Barong is probably the most well known dance. It is also another story telling dance, narrating the fight between good and evil. This dance is the classic example of Balinese way of acting out mythology, resulting in myth and history being blended into one reality.

The story goes that Rangda, the mother of Erlangga, the King of Bali in the tenth century, was condemned by Erlangga’s father because she practiced black magic. After she became a widow, she summoned all the evil spirits in the jungle, the leaks and the demons, to come after Erlangga. A fight occurred, but she and her black magic troops were too strong that Erlangga had to ask for the help of Barong. Barong came with Erlangga’s soldiers, and fight ensued. Rangda casted a spell that made Erlangga soldiers all wanted to kill themselves, pointing their poisoned keris into their own stomachs and chests. Barong casted a spell that turned their body resistant to the sharp keris. At the end, Barong won, and Rangda ran away.

Somebody can die or get seriously injured in a Barong dance. It is said that if Rangda’s spell is too strong, a weak soldier may not be able to resist it, even with the help of Barong. He may end up hurting himself with his own keris.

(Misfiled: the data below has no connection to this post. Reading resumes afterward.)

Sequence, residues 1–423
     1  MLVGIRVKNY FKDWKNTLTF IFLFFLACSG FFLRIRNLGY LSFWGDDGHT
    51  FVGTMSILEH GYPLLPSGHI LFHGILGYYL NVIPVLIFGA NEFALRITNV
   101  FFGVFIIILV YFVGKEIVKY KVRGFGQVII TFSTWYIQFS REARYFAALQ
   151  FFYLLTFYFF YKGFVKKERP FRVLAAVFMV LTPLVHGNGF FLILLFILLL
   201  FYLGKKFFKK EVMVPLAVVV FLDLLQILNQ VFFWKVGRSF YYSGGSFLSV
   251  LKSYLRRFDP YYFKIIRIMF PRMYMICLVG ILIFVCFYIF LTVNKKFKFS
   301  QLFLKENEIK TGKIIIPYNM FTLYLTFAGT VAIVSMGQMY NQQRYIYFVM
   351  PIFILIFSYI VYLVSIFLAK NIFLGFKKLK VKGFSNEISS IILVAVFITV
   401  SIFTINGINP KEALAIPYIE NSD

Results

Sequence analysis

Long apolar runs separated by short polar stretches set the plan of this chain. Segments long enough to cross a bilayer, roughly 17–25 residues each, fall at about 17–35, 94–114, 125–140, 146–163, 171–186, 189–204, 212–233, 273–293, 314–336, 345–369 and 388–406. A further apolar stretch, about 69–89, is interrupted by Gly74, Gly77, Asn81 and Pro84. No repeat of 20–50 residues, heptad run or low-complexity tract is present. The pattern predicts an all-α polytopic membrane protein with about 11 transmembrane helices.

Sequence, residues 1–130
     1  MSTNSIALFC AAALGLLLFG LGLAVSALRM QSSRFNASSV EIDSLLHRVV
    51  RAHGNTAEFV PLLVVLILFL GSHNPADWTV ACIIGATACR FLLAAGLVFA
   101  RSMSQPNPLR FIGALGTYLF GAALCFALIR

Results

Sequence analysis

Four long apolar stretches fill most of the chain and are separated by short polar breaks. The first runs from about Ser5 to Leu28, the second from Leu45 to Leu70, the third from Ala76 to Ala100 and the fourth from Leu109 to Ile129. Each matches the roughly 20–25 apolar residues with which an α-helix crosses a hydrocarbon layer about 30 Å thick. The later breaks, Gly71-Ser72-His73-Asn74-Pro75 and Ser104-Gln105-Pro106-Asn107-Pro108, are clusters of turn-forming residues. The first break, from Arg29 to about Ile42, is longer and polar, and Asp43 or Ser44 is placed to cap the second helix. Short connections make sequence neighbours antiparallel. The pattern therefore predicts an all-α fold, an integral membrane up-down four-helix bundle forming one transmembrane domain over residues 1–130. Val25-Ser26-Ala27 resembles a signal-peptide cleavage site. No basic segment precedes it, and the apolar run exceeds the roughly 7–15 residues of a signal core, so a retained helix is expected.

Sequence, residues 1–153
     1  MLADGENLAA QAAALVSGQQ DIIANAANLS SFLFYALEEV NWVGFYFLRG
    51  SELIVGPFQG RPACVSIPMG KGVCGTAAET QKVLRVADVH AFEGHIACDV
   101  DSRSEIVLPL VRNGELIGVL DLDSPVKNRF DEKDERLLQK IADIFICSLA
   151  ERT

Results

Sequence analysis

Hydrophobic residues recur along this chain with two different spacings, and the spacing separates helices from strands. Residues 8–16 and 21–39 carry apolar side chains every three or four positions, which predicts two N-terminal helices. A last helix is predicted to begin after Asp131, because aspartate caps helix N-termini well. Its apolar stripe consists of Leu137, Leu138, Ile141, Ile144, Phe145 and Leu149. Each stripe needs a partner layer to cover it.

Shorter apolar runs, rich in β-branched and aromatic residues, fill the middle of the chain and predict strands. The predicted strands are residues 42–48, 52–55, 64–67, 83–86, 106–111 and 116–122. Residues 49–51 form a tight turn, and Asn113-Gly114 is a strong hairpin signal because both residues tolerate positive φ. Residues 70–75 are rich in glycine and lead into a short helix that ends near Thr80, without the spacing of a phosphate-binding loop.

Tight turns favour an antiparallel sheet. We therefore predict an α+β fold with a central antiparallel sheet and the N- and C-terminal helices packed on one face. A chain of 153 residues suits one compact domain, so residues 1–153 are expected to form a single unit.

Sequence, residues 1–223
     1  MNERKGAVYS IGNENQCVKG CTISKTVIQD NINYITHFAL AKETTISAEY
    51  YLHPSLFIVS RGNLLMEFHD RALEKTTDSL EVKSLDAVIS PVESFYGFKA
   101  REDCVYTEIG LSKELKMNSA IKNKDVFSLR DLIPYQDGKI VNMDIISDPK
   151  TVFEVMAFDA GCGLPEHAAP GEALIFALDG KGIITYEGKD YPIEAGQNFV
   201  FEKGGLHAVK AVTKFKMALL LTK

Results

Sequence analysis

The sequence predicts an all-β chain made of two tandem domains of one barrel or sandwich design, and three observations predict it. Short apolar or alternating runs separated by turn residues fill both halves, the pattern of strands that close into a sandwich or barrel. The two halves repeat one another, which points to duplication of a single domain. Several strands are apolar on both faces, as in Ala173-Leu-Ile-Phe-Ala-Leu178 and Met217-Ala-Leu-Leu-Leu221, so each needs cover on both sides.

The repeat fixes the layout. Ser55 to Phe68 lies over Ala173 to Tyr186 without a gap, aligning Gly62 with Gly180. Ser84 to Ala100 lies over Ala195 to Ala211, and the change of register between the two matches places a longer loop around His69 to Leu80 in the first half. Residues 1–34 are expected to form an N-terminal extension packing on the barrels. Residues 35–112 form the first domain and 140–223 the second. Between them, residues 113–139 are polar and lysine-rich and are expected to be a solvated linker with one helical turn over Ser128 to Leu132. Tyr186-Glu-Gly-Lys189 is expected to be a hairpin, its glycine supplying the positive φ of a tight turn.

The masks of Barong and Rangda are considered sacred items, and before they are brought out, a priest must be present to offer blessings by sprinkling them with holy water taken from Mount Agung, and offerrings must be presented.

There are several versions of the Barong Dance, as Bali has an abundance of myths and legends. There is Barong Ket, Barong Asu (Dog Barong), Barong Macan (Tiger Barong), Barong Bangkal (Pig Barong), Barong Gajah (Elephant Barong) and others.

One of the well known stories on which the Barong Dance is based, is the Kunti Seraya. The plot is very intriguing, showing the effect of the Gods intervention upon the people through supernatural powers.

It is told that Dewi Kunti, from the royal family of Hastinapura, was very ill. As a devotee of the Goddess Durga, she seeks help, however, the Goddess tells her that the price of health is her own son, Sahadewa. It seems that the Goddess fancied Sahadewa’s young and luscious flesh for her dinner.

Dewi Kunta recovers from her illness and it is time to pay the price. She regrets her decision to pay the price but a promise is a promise. One of the Goddess’s followers put her into a trance and enters her body. She becomes a terrifying creature and unconsciously beats Sahadewa mercilessly. She then takes him to an unpenetratable jungle and ties him to a tree. Later Sahadewa is given immortality by God and she overcomes the wrath of the Goddess and she is able to release her son.

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